Marshall chosen as the County seat
The basic facts of the history of Madison County are that it was formed in 1851 from Buncombe and Yancey; it was named for James Madison and its county seat—the town of Marshall—bears the name of the great chief justice, John Marshall.
However, there is always a story behind the simple facts. In our case, the story stems from the selection of the location of the county seat.
FIRST COUNTY SEAT LOCATED IN JEWELL HILL
Madison’s first county seat was Jewell Hill (in early years this community was known as Duel or Dewell Hill) in the community known as Walnut since after the Civil War. But the area was not close to travel routes (the Buncombe Turnpike had opened in 1827) and the 1852-53 legislature appointed a commission to decide on a more suitable location.
SELECTION OF THE NEW LOCATION FOR THE COUNTY SEAT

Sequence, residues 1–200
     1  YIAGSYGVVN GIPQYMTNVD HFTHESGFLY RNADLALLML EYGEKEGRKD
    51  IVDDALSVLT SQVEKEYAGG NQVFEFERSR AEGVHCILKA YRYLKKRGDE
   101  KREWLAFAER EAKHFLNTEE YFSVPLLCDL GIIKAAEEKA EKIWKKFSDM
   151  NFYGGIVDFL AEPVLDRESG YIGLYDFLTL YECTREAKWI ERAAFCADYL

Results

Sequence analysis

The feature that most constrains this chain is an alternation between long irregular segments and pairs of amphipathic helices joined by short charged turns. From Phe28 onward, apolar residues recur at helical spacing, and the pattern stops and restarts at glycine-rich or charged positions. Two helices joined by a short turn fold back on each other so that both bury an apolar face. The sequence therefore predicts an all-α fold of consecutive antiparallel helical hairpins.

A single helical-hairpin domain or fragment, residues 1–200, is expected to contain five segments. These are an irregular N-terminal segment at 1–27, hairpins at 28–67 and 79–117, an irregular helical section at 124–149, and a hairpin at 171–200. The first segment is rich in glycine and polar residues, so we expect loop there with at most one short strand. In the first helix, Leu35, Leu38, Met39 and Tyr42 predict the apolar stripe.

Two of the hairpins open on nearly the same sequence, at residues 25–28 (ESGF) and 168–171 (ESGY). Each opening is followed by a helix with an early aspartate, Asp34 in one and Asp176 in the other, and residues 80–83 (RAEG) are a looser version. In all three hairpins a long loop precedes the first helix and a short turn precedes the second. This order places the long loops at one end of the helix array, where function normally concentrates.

Among the several “settlements” which desired to become the county seat, Lapland, on the French Broad River was one. However Lapland was barred by the act of the legislature (1850-1), which required that the “county seat is to be called Marshall which is not to be within two miles of the French Broad river.” The commission decided on the land owned by the Vance family but the legality of that selection became an issue. But David Vance (the father of Civil War Governor Zebulon Vance), in order to comply with the terms of the act, deeded fifty acres of land to Madison county for a town site on April 20, 1853. So the legislature of 1854-5 passed an act calling for an election to be held in June, 1855, to determine whether the new location should stand or another location be chosen. There is a tradition that Marshall won by only one vote and that this vote was cast by a man persuaded to go to the polls in return for a package of turnip seeds to plant in his garden. And, the town of Lapland became the town of Marshall and the county seat, although the county court was still held at Jewell Hill up to the fall of 1859.